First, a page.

Both the federal and provincial 2015 Budgets were released recently. What follows is the analysis from both the Canadian Chamber of Commerce (CCC) and the Ontario Chamber of Commerce (OCC).

Canadian Chamber urges focus on competitiveness for the future

The 2015 federal budget is a good starting point for positioning Canada as a top-tier international competitor, but more needs to be done.

We salute the fact that the government presented a balanced budget. But this only serves to bring us to base camp; we still have a mountain to climb. To keep the budget balanced in the future and give us a fighting chance against international competitors, the government’s priority must now shift to economic growth and global competitiveness. Our prosperity depends on Canadian business winning in the global marketplace.

We particularly welcome the renewed investments in infrastructure, initiatives to improve Canada’s skilled workforce and initiatives to improve access to capital, three measures we have been actively advocating in the last year. The creation of a national Development Finance Initiative, which will help convert impoverished countries into business partners, is also a long-standing recommendation of ours.

By recognizing that Canadian businesses need improved access to skilled workers, international markets and capital, the government is setting the building blocks for a more competitive Canada. However, there are still many steps to take. Access to game-changing technology must also be improved, and more can still be done to link skills training to the needs of the market. This budget is an important starting point, but we still have a long way to go.

Consult our complete analysis of the federal budget by clicking HERE.

Ontario Budget 2015: Businesses Worried About Government’s Growing Deficit Budget 2015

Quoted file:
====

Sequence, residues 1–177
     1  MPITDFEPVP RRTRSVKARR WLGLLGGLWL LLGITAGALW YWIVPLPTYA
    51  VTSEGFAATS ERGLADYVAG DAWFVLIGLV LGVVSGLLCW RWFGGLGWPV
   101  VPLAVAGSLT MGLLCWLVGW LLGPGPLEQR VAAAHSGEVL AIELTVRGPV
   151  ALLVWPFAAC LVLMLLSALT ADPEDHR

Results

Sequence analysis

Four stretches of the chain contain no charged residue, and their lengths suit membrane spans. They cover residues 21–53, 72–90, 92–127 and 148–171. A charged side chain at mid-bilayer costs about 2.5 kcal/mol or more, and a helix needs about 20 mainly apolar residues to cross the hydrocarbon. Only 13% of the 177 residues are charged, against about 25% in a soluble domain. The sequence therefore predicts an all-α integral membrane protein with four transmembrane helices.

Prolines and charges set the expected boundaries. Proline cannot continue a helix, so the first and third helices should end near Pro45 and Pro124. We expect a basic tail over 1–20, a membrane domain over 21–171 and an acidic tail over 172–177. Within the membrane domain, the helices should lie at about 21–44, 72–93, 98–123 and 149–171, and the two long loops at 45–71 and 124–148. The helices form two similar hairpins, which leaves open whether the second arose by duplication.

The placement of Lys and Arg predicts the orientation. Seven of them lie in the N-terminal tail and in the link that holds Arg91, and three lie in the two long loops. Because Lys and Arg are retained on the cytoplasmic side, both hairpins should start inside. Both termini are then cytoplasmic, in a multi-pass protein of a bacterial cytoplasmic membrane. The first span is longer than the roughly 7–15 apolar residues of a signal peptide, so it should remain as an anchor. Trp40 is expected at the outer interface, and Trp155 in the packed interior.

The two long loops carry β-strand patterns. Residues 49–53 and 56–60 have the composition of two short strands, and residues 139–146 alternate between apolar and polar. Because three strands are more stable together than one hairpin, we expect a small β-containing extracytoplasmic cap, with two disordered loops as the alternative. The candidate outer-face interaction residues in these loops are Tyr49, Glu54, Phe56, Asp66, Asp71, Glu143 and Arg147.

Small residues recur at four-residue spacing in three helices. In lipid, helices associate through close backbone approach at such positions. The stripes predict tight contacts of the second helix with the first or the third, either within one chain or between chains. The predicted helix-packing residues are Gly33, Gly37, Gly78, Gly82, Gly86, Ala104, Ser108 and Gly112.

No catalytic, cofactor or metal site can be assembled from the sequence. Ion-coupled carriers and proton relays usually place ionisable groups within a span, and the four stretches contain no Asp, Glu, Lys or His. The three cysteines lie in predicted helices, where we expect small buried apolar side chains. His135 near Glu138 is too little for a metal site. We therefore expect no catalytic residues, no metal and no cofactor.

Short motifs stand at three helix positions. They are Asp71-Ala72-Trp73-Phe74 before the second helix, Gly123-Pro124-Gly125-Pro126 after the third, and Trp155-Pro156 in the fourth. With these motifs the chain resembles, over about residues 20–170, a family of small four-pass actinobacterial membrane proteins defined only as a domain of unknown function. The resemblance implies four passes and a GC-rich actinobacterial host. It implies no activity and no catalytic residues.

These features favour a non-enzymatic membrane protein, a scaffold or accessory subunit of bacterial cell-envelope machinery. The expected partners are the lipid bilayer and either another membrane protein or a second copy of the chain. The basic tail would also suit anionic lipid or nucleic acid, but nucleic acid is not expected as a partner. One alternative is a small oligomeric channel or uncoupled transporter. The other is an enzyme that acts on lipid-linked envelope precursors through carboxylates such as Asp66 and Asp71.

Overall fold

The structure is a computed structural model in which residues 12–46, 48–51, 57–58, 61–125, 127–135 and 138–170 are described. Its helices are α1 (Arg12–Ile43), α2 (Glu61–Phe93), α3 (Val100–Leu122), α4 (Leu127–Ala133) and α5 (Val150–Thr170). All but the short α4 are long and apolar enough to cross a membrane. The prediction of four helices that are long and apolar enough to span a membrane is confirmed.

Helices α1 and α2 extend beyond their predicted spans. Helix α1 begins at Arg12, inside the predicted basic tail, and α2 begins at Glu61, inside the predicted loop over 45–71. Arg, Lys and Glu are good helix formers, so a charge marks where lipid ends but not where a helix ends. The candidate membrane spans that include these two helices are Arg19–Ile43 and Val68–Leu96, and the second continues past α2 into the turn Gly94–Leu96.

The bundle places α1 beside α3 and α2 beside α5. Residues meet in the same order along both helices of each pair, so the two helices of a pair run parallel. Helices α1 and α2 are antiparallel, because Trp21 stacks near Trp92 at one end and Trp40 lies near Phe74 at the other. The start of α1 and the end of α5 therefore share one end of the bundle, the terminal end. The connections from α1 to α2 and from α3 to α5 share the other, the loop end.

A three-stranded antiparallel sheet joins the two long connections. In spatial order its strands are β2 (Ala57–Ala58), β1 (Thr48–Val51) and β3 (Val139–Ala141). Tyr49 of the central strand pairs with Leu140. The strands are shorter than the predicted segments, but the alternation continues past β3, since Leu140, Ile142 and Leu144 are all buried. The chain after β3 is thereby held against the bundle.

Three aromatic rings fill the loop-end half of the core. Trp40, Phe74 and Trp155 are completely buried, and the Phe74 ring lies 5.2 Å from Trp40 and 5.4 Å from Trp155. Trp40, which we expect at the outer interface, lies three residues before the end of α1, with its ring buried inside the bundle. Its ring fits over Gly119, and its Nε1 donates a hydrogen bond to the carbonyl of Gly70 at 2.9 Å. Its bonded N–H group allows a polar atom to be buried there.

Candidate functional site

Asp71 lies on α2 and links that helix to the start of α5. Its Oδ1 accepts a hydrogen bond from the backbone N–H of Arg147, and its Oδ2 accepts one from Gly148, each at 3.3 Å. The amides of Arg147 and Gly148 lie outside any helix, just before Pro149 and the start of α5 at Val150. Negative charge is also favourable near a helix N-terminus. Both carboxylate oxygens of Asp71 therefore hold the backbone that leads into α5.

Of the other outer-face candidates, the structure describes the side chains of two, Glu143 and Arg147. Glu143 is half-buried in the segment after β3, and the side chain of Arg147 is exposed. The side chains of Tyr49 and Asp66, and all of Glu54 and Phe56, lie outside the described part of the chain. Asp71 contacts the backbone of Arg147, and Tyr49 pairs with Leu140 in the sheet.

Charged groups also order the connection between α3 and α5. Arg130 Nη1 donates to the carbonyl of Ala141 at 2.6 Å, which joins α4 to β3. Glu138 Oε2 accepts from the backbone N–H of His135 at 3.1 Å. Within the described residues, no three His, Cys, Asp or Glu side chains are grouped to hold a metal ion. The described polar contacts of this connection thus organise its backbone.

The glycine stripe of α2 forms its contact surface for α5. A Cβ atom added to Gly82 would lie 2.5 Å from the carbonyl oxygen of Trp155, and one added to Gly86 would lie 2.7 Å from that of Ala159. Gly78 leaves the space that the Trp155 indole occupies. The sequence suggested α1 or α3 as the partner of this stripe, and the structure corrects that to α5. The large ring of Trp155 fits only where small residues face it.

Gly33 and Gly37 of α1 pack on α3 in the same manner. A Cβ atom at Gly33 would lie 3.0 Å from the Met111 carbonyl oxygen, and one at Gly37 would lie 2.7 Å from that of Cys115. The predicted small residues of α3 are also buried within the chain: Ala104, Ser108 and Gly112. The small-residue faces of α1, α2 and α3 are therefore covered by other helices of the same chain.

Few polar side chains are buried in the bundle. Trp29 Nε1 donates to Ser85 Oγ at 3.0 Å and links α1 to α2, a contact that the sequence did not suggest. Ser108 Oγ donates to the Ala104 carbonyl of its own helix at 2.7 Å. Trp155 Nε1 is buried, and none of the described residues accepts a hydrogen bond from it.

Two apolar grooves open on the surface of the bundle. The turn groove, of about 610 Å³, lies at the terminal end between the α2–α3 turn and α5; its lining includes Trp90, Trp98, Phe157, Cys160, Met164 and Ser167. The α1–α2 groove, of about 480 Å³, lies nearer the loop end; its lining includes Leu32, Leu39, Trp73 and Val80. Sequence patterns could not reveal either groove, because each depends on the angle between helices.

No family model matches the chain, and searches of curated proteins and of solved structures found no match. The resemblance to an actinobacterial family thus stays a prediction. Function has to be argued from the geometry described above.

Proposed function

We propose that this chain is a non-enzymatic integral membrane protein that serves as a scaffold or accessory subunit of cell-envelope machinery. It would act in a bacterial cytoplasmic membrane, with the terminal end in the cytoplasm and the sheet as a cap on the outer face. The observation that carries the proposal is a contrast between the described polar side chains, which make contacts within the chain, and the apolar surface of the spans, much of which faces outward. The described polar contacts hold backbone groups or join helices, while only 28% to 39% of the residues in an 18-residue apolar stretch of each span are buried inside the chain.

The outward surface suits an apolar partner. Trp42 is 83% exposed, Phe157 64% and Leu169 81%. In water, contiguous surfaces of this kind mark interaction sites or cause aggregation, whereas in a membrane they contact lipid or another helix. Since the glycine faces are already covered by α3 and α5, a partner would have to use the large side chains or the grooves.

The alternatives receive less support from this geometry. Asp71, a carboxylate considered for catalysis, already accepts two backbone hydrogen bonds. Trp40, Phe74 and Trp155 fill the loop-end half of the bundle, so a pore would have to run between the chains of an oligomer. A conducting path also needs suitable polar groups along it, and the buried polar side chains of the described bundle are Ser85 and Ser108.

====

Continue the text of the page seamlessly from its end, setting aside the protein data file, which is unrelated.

Ontario’s business community remains concerned about Ontario’s debt and deficit problem, according to the Ontario Chamber of Commerce (OCC). The deficit for 2014-15 is expected to grow to $10.9 billion, raising the province’s debt to $284 billion, or $20,772 of debt for every Ontarian.

“We’re concerned that this government will not be able to meet its deficit reduction targets,” says Allan O’Dette, President of the OCC. “This budget is short on details and appears to push much of the heavy lifting down the road.”

The budget does little to address business’ concerns regarding the growing cumulative regulatory impact. The OCC notes that over the past year, the government has implemented or announced several new initiatives that will have a direct impact on business, including the introduction of a cap and trade system and the Ontario Retirement Pension Plan.

The OCC calls on government to consider the negative impact that the ORPP could have on job creation, foreign direct investment, and the economy in general.

According to a recent survey conducted by the OCC, only one in four businesses in Ontario claim to be able to afford the costs associated with the ORPP, while 44 percent of those surveyed believe they will need reduce payroll or hire fewer employees in response to the ORPP.

The OCC welcomes the additional $2.6 billion investment in transportation infrastructure, available over 10 years.

“Infrastructure investment is among the most effective ways for government to create jobs and spur economic growth,” adds O’Dette. “We’re pleased to see this government taking leadership on modernizing infrastructure in the province.”

The budget also reiterates government’s previous commitment of up to $1 billion towards the development of transportation infrastructure in the Ring of Fire region. However, the OCC notes that regulatory stalemates continue to stall progress in the region.

The complete OCC analysis can be found HERE.

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